MAYS LANDING— The huge red logo on the front of the building makes it clear: Rutgers University has arrived in Atlantic County.
Workers from Signal Sign Co. in Livingston, Essex County, on Thursday hung the bright red letters on the front of the $7.5 million building, which has been under construction for most of the past year on about a half-acre of land on Atlantic Cape Community College’s main campus. Classes will begin there Sept. 4.
The building marks the first time Rutgers has built its own building on a community college campus. It also marks the formal arrival of a second four-year college to the county, joining Richard Stockton College in Galloway Township.
The Rutgers Lifelong Learning Center will be a continuing studies and degree completion center. That means students will first complete their associate degrees at Atlantic Cape or another community college, or earn at least 60 credits from another college. They will then transfer as juniors to the Rutgers site for their final two years to earn a bachelor’s degree.
“The partnership provides a greater incentive for Atlantic Cape students to continue their higher education goals at a highly regarded senior institution while remaining close to home,” said Art Wexler, Atlantic Cape vice president of academic affairs.
The site will offer 10 undergraduate degrees and three graduate degree programs. Starting in January, a graduate certificate program for teachers will be offered in gifted education. Tuition for full-time students will be $10,356 plus $1,997 in fees.
Rutgers has offered courses at Atlantic Cape since 2006-07, but they have been housed in a temporary gray trailer the staff and students have outgrown.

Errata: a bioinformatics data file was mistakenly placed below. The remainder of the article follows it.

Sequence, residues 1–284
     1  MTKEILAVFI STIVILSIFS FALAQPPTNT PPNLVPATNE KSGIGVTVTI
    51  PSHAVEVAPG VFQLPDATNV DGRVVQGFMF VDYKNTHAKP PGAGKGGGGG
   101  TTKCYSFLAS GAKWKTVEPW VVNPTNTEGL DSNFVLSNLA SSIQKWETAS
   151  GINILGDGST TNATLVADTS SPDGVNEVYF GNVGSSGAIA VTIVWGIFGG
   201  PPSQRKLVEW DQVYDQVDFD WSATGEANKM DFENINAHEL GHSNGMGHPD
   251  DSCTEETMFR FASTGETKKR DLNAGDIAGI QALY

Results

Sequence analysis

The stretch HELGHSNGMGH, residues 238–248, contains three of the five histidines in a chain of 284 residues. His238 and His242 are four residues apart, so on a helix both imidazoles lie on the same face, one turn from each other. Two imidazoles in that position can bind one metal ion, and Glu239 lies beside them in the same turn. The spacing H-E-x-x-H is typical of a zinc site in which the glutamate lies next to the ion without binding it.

“We’re just so excited to have bathrooms in the building,” joked Barbara Fiorella, associate vice president for degree completion and off-campus programs at Rutgers, noting that staff and students in the trailer had to go next door to the Atlantic Cape gym to use the facilities.
The new building has far more than nice bathrooms. There is an open reception foyer, conference room and student lounge that overlooks the woods and athletic fields. The two-story, 22,000-square-foot building has 12 classrooms and a 24-seat computer lab.
About 400 students can fill the classrooms during a typical class session, and the structure can accommodate about 1,000 students for day and evening sessions. It was also designed to be easily doubled in size as enrollment grows. About 300 students are anticipated for the fall, but both Atlantic Cape and Rutgers will be promoting the new site, and they expect enrollment to grow. Some local students who currently attend Rutgers-Camden may also be able to take courses closer to home.
Frankie Williams, 27, of Mays Landing, graduated from Atlantic Cape in 2009 and Rutgers at Atlantic Cape in May with a bachelor’s degree in criminal justice. He said he looked at several colleges, but the Rutgers program accommodated his full-time work schedule and he liked that he could get a Rutgers degree close to home. He is currently applying to the State Police, taking master’s degree courses at Stockton and considering law school.
“That old building was cramped,” he said. “But the tools were there. They got the job done.”
Susan Rivenbark, of Hammonton, and her daughter, Ashley, both graduated from Atlantic Cape in May and will attend Rutgers this fall. Susan said they remember looking at the empty Rutgers site at graduation and worrying that the new campus would not be ready.
“The other option was commute to Camden or take courses online,” Susan said. “I really didn’t want to drive to Camden. I’m really glad it’s finished.”
She said she and her daughter have always wanted to attend Rutgers, and it was an easy transition from Atlantic Cape.
Robert McGinn, construction agent for Rutgers, said it was a push to complete the building in nine months, but they succeeded.
“It’s like delivering a baby,” he joked. “But the building is beautiful. It’s like going from an outhouse to a penthouse.”
A formal dedication is scheduled for 2 p.m. Sept. 28.
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